Eventually, I was able to get around well enough that I could go to school full time. But it wasn't "all fun and games." One day, it was raining and we had to stay in for recess. I remember taking a ruler to hit a ball, but I missed and hit the teacher right on her backside. Wow! There I was, having just started attending school and already in trouble!
It was also this first year in a real school that something very unexpected happened. On December 14, 1943, I stayed home because I wasn't feeling very good; and Gilmore City High School burned down! A teacher who went back in to make sure all the children had gotten out perished in fire. What a loss for us all!
Well, now that I was walking and making friends, I was ready to do some of the crazy things young kids do. One day two friends were talking about hunting "snipes" in the cemetery and I asked what they were.
My friends laughed as they told me how they would hide behind tombstones and have another friend go and get some kids to help hunt the snipes, hairy little creatures that lived in the cemetery. My friends took me along with them, and soon the other kids arrived with flashlights and gunny sacks.
Of course, there were no such thing as snipes, so we would just wait until the others got close to us before we started making all kinds of weird noises. Those kids ran like heck to get out of there, and we had a good laugh.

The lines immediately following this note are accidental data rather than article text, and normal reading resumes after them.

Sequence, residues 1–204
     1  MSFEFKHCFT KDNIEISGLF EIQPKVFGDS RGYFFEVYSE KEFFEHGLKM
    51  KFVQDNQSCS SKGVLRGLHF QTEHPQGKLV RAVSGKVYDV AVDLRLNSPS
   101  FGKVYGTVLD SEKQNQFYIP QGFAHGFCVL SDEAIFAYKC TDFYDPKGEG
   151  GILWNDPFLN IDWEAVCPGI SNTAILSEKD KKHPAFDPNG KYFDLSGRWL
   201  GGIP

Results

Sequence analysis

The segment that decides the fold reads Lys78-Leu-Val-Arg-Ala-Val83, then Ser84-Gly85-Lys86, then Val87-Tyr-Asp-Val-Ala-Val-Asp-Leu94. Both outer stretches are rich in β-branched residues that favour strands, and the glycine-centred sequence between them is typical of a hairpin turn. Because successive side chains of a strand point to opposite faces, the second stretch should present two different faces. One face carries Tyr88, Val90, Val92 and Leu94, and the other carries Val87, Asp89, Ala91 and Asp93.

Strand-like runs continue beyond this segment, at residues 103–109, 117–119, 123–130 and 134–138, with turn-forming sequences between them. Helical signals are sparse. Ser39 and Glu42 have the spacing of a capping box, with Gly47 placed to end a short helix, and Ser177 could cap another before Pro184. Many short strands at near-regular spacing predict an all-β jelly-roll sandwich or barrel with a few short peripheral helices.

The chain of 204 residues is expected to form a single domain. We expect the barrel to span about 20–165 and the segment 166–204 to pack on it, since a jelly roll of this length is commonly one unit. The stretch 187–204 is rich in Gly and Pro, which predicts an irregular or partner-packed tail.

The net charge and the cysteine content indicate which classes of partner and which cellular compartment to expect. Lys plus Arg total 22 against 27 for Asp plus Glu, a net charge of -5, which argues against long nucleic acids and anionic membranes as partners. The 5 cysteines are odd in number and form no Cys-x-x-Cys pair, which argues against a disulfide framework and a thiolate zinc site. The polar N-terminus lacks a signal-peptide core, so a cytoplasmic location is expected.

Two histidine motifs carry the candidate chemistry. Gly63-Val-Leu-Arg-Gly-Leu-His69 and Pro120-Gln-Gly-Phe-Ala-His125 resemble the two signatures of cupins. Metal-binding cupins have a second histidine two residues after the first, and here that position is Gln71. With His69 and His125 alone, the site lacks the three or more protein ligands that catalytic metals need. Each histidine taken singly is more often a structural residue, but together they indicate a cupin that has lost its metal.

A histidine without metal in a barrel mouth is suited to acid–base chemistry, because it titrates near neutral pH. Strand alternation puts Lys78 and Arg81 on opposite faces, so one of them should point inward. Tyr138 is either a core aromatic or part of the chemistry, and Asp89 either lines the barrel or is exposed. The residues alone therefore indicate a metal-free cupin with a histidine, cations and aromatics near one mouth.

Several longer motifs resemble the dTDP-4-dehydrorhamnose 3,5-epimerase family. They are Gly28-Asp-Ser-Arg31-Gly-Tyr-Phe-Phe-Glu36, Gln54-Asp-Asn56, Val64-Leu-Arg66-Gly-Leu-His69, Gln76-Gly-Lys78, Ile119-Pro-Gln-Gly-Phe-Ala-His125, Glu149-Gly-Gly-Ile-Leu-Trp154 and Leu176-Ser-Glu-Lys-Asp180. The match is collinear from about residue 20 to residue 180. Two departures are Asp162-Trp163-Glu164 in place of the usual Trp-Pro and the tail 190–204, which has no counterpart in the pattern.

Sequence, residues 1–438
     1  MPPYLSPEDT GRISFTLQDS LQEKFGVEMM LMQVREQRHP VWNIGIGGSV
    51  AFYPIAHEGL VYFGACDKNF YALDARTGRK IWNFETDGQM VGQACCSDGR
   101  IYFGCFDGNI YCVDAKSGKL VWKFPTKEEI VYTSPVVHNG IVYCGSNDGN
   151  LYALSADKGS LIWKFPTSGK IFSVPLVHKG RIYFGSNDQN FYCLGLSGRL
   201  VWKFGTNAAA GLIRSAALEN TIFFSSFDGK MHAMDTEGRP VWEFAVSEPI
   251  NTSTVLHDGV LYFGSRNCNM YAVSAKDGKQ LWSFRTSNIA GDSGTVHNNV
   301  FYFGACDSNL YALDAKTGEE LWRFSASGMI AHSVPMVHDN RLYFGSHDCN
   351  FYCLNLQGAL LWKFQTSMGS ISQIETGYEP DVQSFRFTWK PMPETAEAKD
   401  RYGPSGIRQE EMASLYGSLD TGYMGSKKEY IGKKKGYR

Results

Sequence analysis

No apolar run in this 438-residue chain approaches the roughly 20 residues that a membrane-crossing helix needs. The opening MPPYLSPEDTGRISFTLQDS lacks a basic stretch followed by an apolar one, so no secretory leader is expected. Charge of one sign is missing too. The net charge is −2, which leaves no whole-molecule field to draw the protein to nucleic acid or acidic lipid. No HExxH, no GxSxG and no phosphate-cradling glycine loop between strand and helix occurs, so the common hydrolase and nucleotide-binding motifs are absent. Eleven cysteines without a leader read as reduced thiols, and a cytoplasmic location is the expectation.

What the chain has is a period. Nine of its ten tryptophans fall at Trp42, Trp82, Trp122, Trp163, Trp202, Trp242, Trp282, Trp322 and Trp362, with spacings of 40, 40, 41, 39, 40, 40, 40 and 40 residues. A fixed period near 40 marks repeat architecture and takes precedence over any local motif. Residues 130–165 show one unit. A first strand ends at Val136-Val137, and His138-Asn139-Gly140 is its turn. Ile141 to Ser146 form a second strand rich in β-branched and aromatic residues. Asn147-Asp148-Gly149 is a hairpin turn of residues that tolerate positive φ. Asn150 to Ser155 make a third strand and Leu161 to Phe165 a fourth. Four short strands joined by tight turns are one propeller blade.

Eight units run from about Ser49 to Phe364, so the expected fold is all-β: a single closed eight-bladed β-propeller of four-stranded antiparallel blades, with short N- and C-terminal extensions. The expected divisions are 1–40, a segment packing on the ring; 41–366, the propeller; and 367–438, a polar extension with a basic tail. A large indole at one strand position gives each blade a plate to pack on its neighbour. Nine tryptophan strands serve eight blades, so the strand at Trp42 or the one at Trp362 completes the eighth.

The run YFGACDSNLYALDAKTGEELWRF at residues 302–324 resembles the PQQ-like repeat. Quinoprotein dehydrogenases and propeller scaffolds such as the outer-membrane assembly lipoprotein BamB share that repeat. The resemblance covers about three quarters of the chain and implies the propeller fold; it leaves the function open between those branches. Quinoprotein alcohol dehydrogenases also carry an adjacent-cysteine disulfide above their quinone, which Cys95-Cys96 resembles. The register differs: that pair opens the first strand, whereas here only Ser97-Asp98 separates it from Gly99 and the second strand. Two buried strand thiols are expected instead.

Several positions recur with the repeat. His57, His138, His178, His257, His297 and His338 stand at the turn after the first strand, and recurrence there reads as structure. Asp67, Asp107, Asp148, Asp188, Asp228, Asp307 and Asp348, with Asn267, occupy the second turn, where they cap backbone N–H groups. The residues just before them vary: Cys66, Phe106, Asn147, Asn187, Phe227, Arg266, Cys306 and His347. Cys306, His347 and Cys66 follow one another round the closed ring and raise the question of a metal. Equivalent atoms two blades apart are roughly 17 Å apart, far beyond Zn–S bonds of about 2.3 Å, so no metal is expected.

Once, as I was walking up a street in town, the wind started blowing really hard and I heard this loud banging sound coming toward me. I turned to look and there came what had been a round grain bin, about thirty feet in diameter. Having been torn up off its foundation, it seemed to be trying to roll but was so out of shape that it just bounced along. I ducked behind a tree as it went crashing by. That was really scary!
Mostly, with my new freedom came a lot of fun. Gilmore City doesn't have a theater now, but back then we kids would go to the movies up town. Horror movies were our favorite. One movie I remember watching was Frankenstein, with Boris Karloff. After a movie, we would walk home in the dark. More than once, one of the kids would run up ahead of us and hide in the trees so he could jump out and make weird noises to scare us.
Another source of fun came from a car Prof had that was high off the ground. My friend and I took it to a field one night to chase jackrabbits. While we were flipping the headlights from low to high, the rabbits would run under the car and out the back. It never hurt them, and it provided us with a lot of fun.
Since I would get so lonesome for my family, my Dad would sometimes send my brother Bill to stay with me at the Knolls' house. In the summers Bill would come up and spend a whole two weeks with me. That was so important to me. It was great to be able to maintain the family connection.
After the war, I was sometimes given toy cars that had been made in Japan. When I looked inside the toys I could see words like Coke, 7 Up, and other names of soft drinks. The people in Japan didn't have a lot of metal after the war, but our troops had left plenty of soda cans behind, and they made good use of them.
(This excerpt is from Chapter 2 in the book, “Can’t: No Such Word,” by Mervin Chantland, available on Amazon.com)